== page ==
U.S. producer prices (search) surged 0.6 percent last month as energy costs soared, but underlying inflation held steady as food prices fell, the government said on Tuesday in a report unaffected by Hurricane Katrina.

A separate report showed the U.S. trade deficit (search) narrowed unexpectedly in July as exports hit a record high and a drop in imports of consumer goods and big-ticket items like civilian aircraft more than offset a record oil import bill.

The producer price index, a gauge of prices received by farms, factories and refineries, showed inflation pressures were somewhat less than feared on Wall Street. Economists had forecast a 0.8 percent rise in overall producer prices and a 0.1 percent increase in costs outside of food and energy.

Prices for U.S. government bonds moved higher on the tamer-than-expected producer price data, which came a week before Federal Reserve (search) officials meet to consider raising interest rates. The dollar posted gains on the slimmer trade gap.

"Inflation is very contained; it's not going anywhere," said Robert Brusca, chief economist at Fact and Opinion Economics in New York.

Energy prices climbed 3.7 percent in August, the Labor Department (search) said, reflecting oil prices that had already reached record highs before the devastating hurricane slammed into the U.S. Gulf Coast. Oil prices hit fresh highs in the days after the storm but have since retreated to pre-Katrina levels.

The department noted the data were based on prices in the middle of the month. Katrina did not hit the Gulf Coast until August 29.

Food prices dropped 0.3 percent in August for the second consecutive month, but economists warn they are likely to move higher in September as imports hit a bottleneck due to damage to the Port of New Orleans.

The report underscored the intensified inflation pressures stemming from lofty energy prices that had already been troubling policy-makers at the Fed before the hurricane struck.

Fed officials gather in a week to consider interest-rate policy and markets had begun to speculate the central bank could pause in a rate-rise campaign begun in June 2004.

However, comments from Fed officials suggest they are likely to bump overnight rates up a further quarter-percentage point to 3.75 percent next Tuesday as they seek to prevent soaring energy prices from igniting a broader inflation.

The rise in energy prices reflected a 9.5 percent spike in gasoline costs, a 10.7 percent gain in the price of liquefied petroleum gas and a 2.5 percent increase in natural gas costs.

Car prices, which had shot up in July, fell 1.3 percent last month, but the cost of light trucks move up 0.5 percent.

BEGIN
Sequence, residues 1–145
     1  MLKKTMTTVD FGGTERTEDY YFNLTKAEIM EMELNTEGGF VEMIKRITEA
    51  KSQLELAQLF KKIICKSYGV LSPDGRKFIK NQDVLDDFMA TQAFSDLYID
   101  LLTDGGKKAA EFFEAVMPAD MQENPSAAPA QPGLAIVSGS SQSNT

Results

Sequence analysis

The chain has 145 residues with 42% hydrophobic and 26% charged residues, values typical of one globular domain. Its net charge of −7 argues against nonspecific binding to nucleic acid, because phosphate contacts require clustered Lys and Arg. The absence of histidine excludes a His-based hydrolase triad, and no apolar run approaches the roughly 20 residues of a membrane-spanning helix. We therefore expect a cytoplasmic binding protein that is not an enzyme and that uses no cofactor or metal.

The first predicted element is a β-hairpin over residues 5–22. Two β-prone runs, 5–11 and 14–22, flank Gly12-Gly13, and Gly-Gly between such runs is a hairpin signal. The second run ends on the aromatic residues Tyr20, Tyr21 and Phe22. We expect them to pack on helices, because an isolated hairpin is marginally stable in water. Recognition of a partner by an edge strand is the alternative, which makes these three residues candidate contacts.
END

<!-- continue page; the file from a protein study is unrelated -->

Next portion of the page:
Separately, the Commerce Departmentsaid the U.S. trade gap totaled $57.9 billion in July, down 2.6 percent from an upwardly revised $59.5 billion in June, the second highest on record. The July deficit was below the $59.8 billion consensus Wall Street forecast.

U.S. exports edged up in July to a record $106.2 billion, despite a gradual strengthening of the dollar that many analysts expected to be a drag on American competitiveness in world markets.

Exports of industrial supplies and materials — led by big increases in shipments of cotton and steelmaking products — also set a record and exports of consumer goods were the second highest ever.

Meanwhile, imports of capital goods such as civilian aircraft, drilling and oilfield equipment and computers took a big drop in July, as did imports of consumer goods like pharmaceuticals and clothing.

Those declines pushed overall imports slightly lower in July. But crude oil imports hit a record $15.3 billion, pushed up by import prices that averaged a record $49.03 per barrel.

The U.S. trade deficit in all petroleum products was a record $18.5 billion in July. With crude oil prices now over $60 per barrel, that shortfall is expected to grow — widening the overall trade gap, analysts said.

In addition, the effects of Hurricane Katrina on U.S. trade through critical Gulf of Mexico ports will not show up until the September data is issued in mid-November.

The politically sensitive trade deficit with China set another new record in July at $17.7 billion. The United States imported a record $21.3 billion from China that month, easily swamping record U.S. exports of $3.6 billion to the Asian giant.